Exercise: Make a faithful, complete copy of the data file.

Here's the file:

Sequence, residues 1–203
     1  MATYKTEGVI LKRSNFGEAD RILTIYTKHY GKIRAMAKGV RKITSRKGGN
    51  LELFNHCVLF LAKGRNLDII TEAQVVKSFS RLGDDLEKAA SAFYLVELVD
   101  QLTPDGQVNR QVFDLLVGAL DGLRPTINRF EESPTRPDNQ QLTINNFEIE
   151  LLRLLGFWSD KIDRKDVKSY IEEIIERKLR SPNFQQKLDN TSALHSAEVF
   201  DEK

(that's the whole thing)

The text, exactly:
Sequence, residues 1–203
     1  MATYKTEGVI LKRSNFGEAD RILTIYTKHY GKIRAMAKGV RKITSRKGGN
    51  LELFNHCVLF LAKGRNLDII TEAQVVKSFS RLGDDLEKAA SAFYLVELVD
   101  QLTPDGQVNR QVFDLLVGAL DGLRPTINRF EESPTRPDNQ QLTINNFEIE
   151  LLRLLGFWSD KIDRKDVKSY IEEIIERKLR SPNFQQKLDN TSALHSAEVF
   201  DEK